I am not a typical web watching person. I often use the wrong terms for everything. Honestly, I'm a disaster that way but I do know when you have something that is good to tell, people will watch it. It's just the question of being true to your content, staying true to what you want to tell. The audience is very smart, we all look at a trailer and know whether we are going to watch the movie or not. So it's as simple as that, no one is fooling each other anymore. I think it's time you know the audience is stopped from being taken for granted. This is a show which is going to be a lot of fun to watch. It's not just about the army, a human drama. It has got a lot of grit and interesting equations and we are hoping to create an audience for this.

NDTV: Your father was martyred in Kashmir and you have spoken about it recently. We had Gurmehar Kaur, who was trolled. It seems these days we need to adhere her to a brand of nationalism, to deem her patriotic and nationalist. What would you say?

Nimrat Kaur: Patriotism to me is something that lives in my heart. This is how we have been brought up. We went through some very difficult times while growing up. I lost my father in Kashmir at a very young age and my mother was also very young at that time. However, we were brought up with lot of positivity and we did not live in the past. I'm a very peace loving person and I feel no war anywhere and no kind of violence and terrorism and acts that are born out of terrorism are justified.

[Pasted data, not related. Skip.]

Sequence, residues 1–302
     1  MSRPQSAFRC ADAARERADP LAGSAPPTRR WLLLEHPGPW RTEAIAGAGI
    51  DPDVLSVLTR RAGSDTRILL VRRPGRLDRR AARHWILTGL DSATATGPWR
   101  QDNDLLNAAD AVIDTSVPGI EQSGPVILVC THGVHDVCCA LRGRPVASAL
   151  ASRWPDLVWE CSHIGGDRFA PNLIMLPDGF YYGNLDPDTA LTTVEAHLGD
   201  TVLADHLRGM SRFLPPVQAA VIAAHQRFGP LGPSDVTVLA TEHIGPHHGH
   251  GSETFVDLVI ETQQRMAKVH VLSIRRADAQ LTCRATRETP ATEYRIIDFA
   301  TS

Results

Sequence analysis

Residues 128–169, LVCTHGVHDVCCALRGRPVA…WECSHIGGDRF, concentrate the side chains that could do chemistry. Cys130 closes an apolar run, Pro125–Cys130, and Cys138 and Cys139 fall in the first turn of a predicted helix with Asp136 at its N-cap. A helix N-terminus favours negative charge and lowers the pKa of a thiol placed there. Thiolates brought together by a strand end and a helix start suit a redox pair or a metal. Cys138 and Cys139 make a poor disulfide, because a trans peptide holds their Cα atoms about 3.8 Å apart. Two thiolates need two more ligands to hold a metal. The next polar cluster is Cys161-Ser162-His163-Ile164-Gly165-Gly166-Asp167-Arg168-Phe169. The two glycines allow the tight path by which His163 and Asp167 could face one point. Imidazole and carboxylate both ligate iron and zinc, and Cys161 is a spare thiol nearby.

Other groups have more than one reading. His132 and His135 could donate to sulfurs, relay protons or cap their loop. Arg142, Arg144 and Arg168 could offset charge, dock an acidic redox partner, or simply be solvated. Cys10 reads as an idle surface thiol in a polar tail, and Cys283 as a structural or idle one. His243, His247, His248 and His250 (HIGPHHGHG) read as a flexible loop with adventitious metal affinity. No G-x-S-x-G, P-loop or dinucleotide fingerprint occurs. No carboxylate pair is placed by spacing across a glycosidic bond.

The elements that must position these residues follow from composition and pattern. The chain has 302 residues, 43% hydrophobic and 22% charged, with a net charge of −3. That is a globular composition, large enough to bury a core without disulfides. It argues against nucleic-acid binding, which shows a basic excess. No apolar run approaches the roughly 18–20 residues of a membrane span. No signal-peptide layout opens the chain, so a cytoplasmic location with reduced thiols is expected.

Patriotism to me is you can do the best, being any citizen of a country you belong to. Living by what you want people to live by is patriotism to me.

NDTV: What is your take on the fairness cream campaign. Abhay Deol recently said that Indians are racist, especially because a lot of your colleagues endorse fairness cream brands.

Nimrat Kaur: I feel these are just waves that come up and down. This is something I think should just not exist in any part of the world. Even when I was modelling, there was sense of a definite consciousness about the fact that it is a space that one just never one wants to endorse or wants to look at it. I just feel that I don't want to personally subscribe to. It's not even a philosophy in my life. I think colour is just the last thing one really looks at so it. The idea is that there needs to be a result and that's what is something to talk about.